My favorite story about fairness occurred with my husband and our youngest son when Bruce was the coach of Robbie's 10 year old baseball team. There were no umpires, so the coaches served as such, and on this particular occasion Bruce was the home plate ump. Robbie hit a long ball which was bobbled several times in the outfield. Robbie, who can lay claim to great speed, rounded the bases quickly, salivating over the possibility of an inside the park home run. As he neared home plate, the opposing team finally scooped up the ball and threw it into home. Robbie crossed the plate, the catcher caught the ball, tagged Robbie, and Bruce shouted, "Out!" Robbie was clearly safe. Both teams knew he was safe. The parents knew he was safe. There are satellite photos showing he was safe. But Bruce, not wanting to show favoritism, saw him out, so out he was. The rules in baseball state that the umpire is always right even if he is your dad. There is nothing like the stone cold silence of a 10 year old on a car ride home continuing through dinner into breakfast the next morning to make you question the very nature of fairness.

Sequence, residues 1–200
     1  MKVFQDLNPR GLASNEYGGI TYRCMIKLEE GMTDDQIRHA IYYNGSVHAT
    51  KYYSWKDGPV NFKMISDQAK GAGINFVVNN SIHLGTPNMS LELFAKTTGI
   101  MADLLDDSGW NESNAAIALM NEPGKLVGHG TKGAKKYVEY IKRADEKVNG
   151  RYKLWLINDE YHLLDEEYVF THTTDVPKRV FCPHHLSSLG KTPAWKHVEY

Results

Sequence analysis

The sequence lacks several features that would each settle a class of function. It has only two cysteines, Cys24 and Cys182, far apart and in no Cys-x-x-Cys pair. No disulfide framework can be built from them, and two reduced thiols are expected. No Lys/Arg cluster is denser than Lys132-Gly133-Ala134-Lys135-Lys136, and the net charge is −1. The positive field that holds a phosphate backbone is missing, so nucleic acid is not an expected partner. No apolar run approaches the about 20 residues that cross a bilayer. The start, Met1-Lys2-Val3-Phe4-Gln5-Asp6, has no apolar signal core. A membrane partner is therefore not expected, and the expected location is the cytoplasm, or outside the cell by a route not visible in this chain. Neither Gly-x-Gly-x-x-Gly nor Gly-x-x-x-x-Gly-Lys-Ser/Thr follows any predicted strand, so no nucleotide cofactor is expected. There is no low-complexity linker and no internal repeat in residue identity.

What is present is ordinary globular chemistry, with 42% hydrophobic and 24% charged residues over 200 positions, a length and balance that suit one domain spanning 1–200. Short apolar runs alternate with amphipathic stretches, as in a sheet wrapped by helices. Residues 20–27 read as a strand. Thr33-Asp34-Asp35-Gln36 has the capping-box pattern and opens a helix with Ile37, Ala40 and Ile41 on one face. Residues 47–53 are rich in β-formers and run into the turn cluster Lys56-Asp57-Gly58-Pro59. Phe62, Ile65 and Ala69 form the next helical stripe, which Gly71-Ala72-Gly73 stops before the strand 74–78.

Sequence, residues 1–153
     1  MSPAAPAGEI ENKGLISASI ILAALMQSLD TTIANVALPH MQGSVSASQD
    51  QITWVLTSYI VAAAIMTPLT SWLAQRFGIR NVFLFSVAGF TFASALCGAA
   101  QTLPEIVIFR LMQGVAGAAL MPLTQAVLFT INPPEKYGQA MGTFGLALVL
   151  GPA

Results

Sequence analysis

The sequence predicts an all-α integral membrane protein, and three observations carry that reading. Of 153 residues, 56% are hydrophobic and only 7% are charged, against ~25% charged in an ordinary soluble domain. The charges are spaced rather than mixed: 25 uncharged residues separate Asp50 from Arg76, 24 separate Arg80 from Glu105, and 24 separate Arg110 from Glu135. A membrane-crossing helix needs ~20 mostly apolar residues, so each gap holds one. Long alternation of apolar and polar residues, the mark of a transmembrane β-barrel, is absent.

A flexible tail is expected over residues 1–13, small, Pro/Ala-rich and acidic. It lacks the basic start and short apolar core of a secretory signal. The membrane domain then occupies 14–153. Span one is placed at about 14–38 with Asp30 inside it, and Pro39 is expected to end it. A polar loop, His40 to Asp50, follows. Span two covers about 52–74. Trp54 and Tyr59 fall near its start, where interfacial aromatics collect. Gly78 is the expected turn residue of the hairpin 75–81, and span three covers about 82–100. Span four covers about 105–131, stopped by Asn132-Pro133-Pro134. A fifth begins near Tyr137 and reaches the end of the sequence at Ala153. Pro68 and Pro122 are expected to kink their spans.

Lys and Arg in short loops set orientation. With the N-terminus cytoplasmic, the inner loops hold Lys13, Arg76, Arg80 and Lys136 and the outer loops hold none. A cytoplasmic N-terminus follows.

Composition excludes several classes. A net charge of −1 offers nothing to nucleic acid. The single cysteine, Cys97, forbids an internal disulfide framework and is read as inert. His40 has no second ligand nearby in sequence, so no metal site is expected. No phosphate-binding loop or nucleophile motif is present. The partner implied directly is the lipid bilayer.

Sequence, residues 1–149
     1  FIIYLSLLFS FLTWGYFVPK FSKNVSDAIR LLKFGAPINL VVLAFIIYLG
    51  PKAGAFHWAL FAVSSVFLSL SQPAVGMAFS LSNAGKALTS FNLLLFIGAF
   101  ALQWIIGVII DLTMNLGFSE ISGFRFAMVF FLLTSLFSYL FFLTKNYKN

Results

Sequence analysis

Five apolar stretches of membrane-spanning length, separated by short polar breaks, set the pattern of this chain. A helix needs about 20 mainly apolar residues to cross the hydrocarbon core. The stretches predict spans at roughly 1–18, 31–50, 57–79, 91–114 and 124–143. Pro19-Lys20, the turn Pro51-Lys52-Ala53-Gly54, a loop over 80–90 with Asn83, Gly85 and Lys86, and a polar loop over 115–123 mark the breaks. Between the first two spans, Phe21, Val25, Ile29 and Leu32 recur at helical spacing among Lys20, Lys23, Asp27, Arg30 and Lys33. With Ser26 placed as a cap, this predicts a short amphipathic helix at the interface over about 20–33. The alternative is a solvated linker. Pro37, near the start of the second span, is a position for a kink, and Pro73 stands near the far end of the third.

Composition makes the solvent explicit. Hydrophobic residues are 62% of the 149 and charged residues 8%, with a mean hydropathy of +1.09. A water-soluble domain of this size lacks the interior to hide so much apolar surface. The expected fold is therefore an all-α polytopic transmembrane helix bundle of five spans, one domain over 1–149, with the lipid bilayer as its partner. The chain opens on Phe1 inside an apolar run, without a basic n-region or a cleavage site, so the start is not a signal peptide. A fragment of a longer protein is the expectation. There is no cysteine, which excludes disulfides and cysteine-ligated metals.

When we run into the immoveable force of The Rules, we quickly lose our innocence. We learn that rules can't insure fairness because they favor one point of view, and in many cases that's not ours. All we can do is take a deep breath and hope that the next time the scales will tip in our favor. It's also a lesson we need to teach our children. Things won't always go their way and no amount of rules can prevent disappointments. In the end, each unfair circumstance eventually fades in the face of successes which will probably elicit "It's just not fair" from someone else.